It often happens that I meet a former student of mine in the street and one of the following scenarios occur; the student either looks away immediately, pretending she has never seen me before, or she puts on a broad smile instantly and greets me merrily. Depending on the situation, we may even exchange a few casual words.
I obviously prefer the latter scenario because it makes me believe that I made my mark in a student’s life; it makes me believe that I once mattered to a student. The other scenario, on the other hand, makes me feel embarrassed, ignored and unappreciated. In such a case, I tend to accuse the student of utter disrespect and total ignorance.
The other day, though, I suddenly saw the whole thing from a slightly different perspective. For some unknown reason, I remembered how I had reacted when accidentally bumping into a former teacher of mine. I would either look away, pretending I had never seen him before, or I would smile broadly and say ‘Good morning’ merrily.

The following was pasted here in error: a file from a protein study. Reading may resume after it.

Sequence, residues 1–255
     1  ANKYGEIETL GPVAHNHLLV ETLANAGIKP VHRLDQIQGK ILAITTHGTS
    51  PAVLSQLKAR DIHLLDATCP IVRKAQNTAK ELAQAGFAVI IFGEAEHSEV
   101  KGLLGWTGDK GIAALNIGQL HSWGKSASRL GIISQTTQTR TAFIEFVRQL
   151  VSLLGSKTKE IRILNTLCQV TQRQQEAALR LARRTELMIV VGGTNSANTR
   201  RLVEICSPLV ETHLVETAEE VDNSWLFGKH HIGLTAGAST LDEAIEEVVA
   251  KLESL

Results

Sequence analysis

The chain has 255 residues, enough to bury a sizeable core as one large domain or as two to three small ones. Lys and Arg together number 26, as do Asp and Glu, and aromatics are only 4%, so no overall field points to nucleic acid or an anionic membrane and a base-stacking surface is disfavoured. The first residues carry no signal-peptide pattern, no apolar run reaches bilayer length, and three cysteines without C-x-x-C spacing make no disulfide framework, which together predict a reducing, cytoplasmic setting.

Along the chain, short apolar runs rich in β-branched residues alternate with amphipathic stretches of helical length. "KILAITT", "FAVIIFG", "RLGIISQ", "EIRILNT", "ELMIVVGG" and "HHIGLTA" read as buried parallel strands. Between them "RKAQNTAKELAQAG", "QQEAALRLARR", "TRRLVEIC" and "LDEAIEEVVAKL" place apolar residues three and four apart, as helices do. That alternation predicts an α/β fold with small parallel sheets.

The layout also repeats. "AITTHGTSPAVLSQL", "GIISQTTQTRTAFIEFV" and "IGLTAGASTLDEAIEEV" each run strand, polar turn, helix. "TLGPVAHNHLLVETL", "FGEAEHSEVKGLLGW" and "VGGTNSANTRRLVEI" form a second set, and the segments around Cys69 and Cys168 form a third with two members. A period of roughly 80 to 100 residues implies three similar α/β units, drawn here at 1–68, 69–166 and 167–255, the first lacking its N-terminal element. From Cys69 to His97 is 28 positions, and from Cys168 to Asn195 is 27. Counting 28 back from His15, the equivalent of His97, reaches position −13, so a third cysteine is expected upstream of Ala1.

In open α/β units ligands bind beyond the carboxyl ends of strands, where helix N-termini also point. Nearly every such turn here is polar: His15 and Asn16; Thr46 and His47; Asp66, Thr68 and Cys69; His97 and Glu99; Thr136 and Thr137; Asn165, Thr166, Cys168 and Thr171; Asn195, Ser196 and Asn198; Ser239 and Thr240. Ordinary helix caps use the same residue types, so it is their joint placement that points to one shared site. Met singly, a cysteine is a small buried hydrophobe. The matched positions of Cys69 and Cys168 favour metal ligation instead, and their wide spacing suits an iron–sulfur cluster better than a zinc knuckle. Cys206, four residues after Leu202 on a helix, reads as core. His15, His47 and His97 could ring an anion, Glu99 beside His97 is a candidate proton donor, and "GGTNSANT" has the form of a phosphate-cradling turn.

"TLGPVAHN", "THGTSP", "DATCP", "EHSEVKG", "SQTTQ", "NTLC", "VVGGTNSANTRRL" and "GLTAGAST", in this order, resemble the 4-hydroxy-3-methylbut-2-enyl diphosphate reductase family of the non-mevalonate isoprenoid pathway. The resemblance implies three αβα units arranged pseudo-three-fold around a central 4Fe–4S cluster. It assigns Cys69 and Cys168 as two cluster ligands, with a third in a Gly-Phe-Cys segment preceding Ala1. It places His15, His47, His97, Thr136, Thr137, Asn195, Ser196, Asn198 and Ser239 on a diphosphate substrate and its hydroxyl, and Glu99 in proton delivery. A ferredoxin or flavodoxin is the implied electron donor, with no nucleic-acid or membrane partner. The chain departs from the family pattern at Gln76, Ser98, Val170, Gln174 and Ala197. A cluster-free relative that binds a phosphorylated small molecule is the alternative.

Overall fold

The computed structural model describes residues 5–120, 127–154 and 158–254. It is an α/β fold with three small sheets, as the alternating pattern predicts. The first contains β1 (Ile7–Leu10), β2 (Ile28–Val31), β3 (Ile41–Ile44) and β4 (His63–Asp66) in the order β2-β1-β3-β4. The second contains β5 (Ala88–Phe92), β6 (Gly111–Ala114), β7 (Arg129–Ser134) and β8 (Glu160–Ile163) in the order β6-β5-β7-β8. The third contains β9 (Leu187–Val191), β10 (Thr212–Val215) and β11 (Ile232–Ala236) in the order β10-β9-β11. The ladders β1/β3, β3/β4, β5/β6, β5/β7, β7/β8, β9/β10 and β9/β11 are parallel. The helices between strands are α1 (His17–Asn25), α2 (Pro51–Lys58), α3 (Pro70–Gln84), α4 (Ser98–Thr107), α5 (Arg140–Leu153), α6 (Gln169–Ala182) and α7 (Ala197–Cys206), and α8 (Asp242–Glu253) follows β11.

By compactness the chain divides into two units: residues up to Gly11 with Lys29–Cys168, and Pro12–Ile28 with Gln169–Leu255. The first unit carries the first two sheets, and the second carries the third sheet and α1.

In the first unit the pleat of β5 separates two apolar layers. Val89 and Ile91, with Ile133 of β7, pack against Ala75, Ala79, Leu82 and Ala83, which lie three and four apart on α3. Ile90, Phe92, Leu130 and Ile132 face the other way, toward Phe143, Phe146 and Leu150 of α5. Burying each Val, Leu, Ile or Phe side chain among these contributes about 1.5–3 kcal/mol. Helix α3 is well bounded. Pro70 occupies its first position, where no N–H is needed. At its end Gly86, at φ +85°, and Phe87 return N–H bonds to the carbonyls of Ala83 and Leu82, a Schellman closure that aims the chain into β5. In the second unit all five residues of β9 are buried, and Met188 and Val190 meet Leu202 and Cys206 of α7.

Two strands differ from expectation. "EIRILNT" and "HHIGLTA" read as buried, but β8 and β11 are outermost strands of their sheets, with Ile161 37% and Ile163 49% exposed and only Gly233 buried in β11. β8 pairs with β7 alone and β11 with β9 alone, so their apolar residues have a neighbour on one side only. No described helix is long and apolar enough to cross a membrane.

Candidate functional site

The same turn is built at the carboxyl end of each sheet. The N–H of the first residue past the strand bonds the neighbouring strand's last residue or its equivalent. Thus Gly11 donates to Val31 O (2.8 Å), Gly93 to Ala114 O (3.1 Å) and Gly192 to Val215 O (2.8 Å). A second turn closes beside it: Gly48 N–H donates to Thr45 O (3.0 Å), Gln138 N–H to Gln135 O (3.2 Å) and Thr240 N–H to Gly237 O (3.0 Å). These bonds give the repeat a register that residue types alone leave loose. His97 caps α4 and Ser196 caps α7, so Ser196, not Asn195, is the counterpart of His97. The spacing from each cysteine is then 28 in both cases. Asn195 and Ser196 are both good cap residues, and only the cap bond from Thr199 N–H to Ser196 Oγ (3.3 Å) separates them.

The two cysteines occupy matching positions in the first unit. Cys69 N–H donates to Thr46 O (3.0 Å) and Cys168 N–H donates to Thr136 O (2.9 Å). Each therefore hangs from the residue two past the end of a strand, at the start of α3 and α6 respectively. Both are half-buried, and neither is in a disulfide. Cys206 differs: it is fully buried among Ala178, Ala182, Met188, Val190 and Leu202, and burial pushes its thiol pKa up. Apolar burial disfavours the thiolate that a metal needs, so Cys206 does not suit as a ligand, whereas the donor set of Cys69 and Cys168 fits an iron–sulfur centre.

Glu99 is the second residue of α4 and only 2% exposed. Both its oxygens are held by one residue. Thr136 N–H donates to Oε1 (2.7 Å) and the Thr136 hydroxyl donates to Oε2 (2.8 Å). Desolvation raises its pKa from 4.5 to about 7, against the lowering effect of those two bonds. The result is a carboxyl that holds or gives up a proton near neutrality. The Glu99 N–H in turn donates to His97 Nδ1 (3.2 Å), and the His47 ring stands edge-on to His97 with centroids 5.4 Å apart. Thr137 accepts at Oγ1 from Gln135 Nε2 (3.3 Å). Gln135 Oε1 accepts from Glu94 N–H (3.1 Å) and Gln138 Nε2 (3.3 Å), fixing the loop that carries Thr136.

The fact that I would sometimes choose to look away had nothing to do with disrespect, dislike or ignorance; it had nothing to do with a particular teacher at all. It had a lot to do with my own self-esteem.
When I spotted an old teacher of mine long after school, the first thing that I pondered was whether he actually remembered me. It flashed through my mind that he had probably taught hundreds of students throughout his career and I concluded that he couldn’t remember us all. I deduced that I was probably one of those faces he could no longer recognize in the crowd and I decided to look away, robbing the teacher of the opportunity to show that he actually remembered me very well.
What I’ve written sounds very strange. But what if some of my former students feel the same way? What if they feel they are just some of those faces I can no longer remember? What if they feel that our long-ago connection did not last long enough and was not strong enough for me to bother remembering? What if their seeming ignorance has nothing to do with their attitude to me but with how they perceive themselves in relation to me? And finally, what can I do as a teacher to avoid the future moments of embarrassment?